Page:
The effect of O2 tension on pH homeostasis in equine articular chondrocytes.
Milner PI., Fairfax TP., Browning JA., Wilkins RJ., Gibson JS.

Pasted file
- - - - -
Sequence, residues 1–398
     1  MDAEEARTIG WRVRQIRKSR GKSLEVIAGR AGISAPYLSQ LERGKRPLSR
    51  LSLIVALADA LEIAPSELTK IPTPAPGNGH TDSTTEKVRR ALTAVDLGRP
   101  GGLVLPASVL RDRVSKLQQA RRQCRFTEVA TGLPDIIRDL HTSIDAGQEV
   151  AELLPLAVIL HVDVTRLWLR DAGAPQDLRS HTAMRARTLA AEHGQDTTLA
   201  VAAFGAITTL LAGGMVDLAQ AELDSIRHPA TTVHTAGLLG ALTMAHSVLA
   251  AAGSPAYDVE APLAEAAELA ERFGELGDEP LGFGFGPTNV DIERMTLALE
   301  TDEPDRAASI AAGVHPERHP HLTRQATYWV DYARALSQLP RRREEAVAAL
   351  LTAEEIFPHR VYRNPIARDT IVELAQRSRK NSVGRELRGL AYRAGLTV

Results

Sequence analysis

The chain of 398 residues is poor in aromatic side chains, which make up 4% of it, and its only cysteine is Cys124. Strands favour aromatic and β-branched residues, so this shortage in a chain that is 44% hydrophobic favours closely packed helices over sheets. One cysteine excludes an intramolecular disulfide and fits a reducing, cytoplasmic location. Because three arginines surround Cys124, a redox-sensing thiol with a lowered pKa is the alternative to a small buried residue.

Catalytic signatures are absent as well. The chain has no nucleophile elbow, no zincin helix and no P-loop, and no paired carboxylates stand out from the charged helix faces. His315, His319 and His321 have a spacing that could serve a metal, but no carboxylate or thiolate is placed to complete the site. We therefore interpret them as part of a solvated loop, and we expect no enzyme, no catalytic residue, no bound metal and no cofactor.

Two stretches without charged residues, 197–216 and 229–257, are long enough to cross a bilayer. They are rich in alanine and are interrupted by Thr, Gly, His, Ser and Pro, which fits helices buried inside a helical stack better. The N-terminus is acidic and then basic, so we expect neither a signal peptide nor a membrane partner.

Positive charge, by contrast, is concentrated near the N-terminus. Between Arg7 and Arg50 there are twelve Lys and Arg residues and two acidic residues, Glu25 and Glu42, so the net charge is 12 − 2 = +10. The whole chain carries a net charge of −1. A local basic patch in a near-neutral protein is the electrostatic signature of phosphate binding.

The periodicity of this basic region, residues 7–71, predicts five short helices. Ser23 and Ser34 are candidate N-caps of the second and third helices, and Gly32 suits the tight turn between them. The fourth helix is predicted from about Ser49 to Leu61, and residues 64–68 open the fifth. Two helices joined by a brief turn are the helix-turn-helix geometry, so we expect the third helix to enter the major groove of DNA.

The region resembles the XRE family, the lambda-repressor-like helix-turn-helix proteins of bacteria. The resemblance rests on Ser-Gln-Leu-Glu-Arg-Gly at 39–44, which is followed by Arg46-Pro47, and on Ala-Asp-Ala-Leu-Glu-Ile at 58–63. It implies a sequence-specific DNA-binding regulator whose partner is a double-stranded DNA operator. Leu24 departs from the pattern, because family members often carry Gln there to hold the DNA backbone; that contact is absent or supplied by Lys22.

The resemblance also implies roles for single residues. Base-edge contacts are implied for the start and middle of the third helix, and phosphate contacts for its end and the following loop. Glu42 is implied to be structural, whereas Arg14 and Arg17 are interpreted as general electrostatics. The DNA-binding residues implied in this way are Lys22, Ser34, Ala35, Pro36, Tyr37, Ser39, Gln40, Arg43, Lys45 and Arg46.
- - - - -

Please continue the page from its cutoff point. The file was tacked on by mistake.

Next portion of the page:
OBJECTIVE: To determine the effects of varying O(2) on pH homeostasis, based on the hypothesis that the function of articular chondrocytes is best understood at realistic O(2) tensions. METHODS: Cartilage from equine metacarpophalangeal/tarsophalangeal joints was digested with collagenase to isolate chondrocytes, and then loaded with the pH-sensitive fluorophore 2',7'-bis-2-(carboxyethyl)-5(6)-carboxylfluorescein. The radioisotope(22)Na(+) was used to determine the kinetics of Na(+)/H(+) exchange (NHE) and the activity of the Na(+)/K(+) pump, and ATP levels were assessed with luciferin assays. Levels of reactive oxygen species (ROS) were determined using 2',7'-dichlorofluorescein diacetate. RESULTS: The pH homeostasis was unaffected when comparing tissue maintained at 20% O(2) (the level in water-saturated air at 37 degrees C) with that at 5% O(2) (which approximates the normal level in healthy cartilage); however, an O(2) tension of <5% caused a fall in intracellular pH (pH(i)) and slowed pH(i) recovery following acidification, an effect mediated via inhibition of NHE activity (likely through acid extrusion by NHE isoform 1). The Na(+)/K(+) pump activity and intracellular ATP concentration were unaffected by hypoxia, but the levels of ROS were reduced. Hypoxic inhibition of NHE activity and the reduction in ROS levels were reversed by treatment with H(2)O(2), Co(2+), or antimycin A. Treatment with calyculin A also prevented hypoxic inhibition of NHE activity. CONCLUSION: The ability of articular chondrocytes to carry out pH homeostasis is compromised when O(2) tensions fall below those normally experienced, via inhibition of NHE. The putative signal is a reduction in levels of ROS derived from mitochondria, acting via altered protein phosphorylation. This effect is relevant to both physiologic and pathologic states of lowered O(2), such as in chronic inflammation.